Jim Twombly and Clay Bird, two of the leading figures in Mayor Dewey Bartlett’s administration, confirmed Monday that they will not be part of Mayor-Elect G.T. Bynum’s administration.
Bynum, who defeated Bartlett in the June 28 election, will be sworn in Dec. 5.
Twombly broke the news to department heads this morning in an email.
“Though it is mid-October, so much of what we do either has implications well into the future or we are already planning for things that will occur after Dec. 5th, just keep in mind I will not be around after that,” Twombly wrote.
Bird, director of The Mayor’s Office of Economic Development, said he is planning to go into business with his brother after he leaves his job with the city in December. Bird said he has not discussed his plans with Bynum.
“I think it is a good time for me to be moving on,” Bird said. “I have felt a lot of fulfillment and gratitude about the time I have worked at the city. Hopefully, I have helped make this a better place.”
Twombly and Bird are among eight at-will employees in the Mayor’s Office who work at the pleasure of the mayor. Those employees have none of the protections provided classified service employees.
Bynum said Monday that he let the Mayor’s Office know two months ago that he was planning to go in a different direction regarding staffing. One possible exception, stated at that time, was Twombly, Bynum said.
“We were looking for different alternatives (for Twombly), but when it came right down to it, it just wasn’t the right fit,” Bynum said. “I think very highly of Jim. I think he is a very sharp guy and is a consummate professional.”
One reason Twombly isn’t sticking around is because Bynum does not plan to hire a city manager.
“I feel like the day-to-day management of the city under our charter is fairly clear that that falls with the mayor, and I take that responsibility personally,” Bynum said.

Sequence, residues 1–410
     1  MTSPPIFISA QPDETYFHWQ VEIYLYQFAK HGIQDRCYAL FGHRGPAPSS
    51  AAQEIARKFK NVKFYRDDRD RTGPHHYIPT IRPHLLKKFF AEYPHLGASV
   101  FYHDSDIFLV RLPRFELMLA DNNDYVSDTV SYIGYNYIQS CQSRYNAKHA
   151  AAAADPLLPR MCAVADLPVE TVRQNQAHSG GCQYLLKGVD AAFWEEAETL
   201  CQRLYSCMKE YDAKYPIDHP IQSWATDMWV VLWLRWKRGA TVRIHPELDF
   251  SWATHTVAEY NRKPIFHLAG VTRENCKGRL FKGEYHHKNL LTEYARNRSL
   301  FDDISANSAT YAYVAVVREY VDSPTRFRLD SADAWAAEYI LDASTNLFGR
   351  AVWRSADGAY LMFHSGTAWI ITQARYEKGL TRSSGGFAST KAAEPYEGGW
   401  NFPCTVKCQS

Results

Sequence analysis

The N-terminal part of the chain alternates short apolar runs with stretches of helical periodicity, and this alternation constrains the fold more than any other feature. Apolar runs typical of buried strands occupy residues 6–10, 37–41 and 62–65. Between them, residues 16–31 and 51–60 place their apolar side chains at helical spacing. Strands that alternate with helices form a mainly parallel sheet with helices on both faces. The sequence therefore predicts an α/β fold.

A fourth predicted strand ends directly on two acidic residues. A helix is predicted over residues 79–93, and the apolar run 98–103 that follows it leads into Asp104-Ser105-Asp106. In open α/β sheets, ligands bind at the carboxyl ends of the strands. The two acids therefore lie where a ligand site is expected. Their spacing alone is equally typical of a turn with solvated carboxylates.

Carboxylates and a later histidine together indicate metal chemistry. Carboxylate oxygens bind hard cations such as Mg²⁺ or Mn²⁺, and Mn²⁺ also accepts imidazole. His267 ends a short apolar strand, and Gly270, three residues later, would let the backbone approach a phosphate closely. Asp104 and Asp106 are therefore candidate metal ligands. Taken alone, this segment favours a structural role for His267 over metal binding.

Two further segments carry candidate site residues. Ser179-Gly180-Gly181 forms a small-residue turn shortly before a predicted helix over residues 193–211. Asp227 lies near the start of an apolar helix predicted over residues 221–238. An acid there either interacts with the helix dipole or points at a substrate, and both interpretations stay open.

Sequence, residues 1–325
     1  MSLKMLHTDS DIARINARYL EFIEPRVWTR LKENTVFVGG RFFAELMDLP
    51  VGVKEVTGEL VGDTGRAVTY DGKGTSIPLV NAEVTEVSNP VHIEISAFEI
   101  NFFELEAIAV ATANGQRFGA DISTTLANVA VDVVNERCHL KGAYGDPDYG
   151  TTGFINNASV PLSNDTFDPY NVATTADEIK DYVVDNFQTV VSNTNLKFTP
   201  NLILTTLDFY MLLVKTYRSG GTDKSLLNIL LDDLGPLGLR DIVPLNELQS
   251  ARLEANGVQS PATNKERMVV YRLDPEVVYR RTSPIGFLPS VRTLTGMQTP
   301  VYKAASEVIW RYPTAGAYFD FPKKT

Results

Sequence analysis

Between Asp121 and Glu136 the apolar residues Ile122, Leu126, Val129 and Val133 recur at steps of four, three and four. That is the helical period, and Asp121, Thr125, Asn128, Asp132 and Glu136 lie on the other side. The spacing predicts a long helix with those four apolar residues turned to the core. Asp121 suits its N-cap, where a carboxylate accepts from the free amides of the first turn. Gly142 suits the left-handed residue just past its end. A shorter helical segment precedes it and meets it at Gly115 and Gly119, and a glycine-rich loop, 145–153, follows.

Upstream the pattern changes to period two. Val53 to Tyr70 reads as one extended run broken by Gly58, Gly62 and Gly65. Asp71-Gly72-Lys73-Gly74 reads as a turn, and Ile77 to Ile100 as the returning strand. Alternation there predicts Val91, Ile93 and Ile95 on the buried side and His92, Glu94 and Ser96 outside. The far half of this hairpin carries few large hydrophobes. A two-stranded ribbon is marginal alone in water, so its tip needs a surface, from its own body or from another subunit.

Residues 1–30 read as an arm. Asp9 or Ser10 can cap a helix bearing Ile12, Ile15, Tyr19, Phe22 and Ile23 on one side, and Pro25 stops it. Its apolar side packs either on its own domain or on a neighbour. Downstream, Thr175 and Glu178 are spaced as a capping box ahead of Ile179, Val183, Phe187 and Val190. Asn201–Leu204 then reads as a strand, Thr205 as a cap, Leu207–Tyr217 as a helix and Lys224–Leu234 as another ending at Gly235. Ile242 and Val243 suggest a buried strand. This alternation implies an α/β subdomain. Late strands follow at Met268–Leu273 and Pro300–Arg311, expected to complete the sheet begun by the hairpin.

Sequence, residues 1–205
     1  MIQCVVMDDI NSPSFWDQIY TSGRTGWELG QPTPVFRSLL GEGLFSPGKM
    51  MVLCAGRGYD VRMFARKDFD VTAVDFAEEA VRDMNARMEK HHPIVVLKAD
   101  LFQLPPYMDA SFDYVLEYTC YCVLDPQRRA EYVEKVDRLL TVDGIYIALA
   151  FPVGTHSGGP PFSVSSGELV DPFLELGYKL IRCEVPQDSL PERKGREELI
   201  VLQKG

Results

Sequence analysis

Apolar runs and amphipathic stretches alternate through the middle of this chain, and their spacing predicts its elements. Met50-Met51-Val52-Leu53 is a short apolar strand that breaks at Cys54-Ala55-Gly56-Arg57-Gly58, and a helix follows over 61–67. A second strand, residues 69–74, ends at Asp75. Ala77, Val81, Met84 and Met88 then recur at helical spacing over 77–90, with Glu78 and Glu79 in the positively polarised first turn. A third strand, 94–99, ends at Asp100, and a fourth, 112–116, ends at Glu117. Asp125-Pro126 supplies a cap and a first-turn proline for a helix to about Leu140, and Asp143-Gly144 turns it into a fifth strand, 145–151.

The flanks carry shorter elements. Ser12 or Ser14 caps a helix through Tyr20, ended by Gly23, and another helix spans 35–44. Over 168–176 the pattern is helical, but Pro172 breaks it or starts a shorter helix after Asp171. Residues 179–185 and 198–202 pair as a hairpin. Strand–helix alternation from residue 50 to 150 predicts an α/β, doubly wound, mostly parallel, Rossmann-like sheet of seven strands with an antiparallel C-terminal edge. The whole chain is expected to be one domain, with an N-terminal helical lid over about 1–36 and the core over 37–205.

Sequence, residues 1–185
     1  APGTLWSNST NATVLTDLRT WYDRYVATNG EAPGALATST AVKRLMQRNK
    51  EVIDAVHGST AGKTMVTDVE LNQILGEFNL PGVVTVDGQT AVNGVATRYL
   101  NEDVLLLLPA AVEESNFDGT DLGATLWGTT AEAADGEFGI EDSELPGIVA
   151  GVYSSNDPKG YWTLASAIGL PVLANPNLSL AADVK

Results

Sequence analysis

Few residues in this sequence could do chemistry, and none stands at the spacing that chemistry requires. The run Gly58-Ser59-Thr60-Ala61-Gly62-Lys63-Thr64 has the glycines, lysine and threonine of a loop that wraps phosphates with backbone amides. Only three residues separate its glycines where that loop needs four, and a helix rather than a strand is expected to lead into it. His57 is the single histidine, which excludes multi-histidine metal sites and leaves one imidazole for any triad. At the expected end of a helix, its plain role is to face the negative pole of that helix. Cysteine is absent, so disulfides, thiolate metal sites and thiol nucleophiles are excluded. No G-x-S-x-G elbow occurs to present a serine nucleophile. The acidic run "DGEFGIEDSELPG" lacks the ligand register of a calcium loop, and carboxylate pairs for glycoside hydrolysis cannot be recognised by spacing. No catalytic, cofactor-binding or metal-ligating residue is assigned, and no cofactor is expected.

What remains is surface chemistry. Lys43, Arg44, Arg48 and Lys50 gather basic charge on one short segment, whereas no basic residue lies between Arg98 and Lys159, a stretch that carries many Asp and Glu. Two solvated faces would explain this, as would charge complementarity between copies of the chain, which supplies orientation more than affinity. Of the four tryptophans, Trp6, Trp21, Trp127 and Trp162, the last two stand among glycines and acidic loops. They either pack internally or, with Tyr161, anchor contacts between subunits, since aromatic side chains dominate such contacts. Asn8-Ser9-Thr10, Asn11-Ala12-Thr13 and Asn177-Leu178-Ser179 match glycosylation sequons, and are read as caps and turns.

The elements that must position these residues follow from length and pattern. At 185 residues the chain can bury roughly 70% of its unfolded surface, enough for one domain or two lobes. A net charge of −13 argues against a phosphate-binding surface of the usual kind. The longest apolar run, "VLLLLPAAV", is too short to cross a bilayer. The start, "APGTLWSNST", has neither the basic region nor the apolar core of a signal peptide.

Twombly, 63, said he learned last week that he would not be rehired.
“I wouldn’t trade this time at the city for anything,” he said. “I think we started a lot of very good things, and I think we made a lot of improvements and progress.”
Twombly, 63, volunteered in Mayor Kathy Taylor’s office in 2009 after he was not rehired as city manager in Broken Arrow. Bartlett, elected later that year, then hired Twombly as city manager.
Twombly earns $160,576 a year, according to city records.
Bird, 55, was a city councilor from 2000 to 2002. He held several positions, including chief of staff, in former Mayor Bill LaFortune’s administration. He assisted LaFortune’s successor, former Mayor Kathy Taylor, in her transition into office. Taylor later named Bird executive director of the Tulsa Industrial Authority.
Bird replaced Mike Bunny as the city’s economic development director and became the director of the The Mayor’s Office of Economic Development in 2014 as part of a reorganization. He earns $140,000 a year.
Bynum said he plans to keep The Mayor’s Office of Economic Development in place but under different leadership.
Bynum said he plans to announce his entire staff in mid-November. So far, he has hired three people. Jack Blair, the City Council’s policy analyst, will serve as Bynum’s chief of staff. Amy Brown, Bynum’s former City Council aide, will be deputy chief of staff. And Bynum’s campaign director Michael Junk will be deputy mayor.
Bynum said his decision to begin his administration with new staff in the Mayor’s Office reflects what he believes was the “clear mandate for change” that came out of the June 28 election.
“But at the same time, we want to be respectful of those people’s careers and give them a chance to find work elsewhere,” he said.
Bartlett’s other at-will employees include: David C. Autry, mayor’s assistant/constituent services; Jarred Brejcha, mayor’s assistant/chief of staff; Robert Gardner, mayor’s assistant/river development; Jaimie Nussbaum, mayor’s assistant/scheduler; Pam C. Rosser, mayor’s assistant/authorities, boards and commissions; and Lloyd G. Wright, mayor’s assistant/press secretary.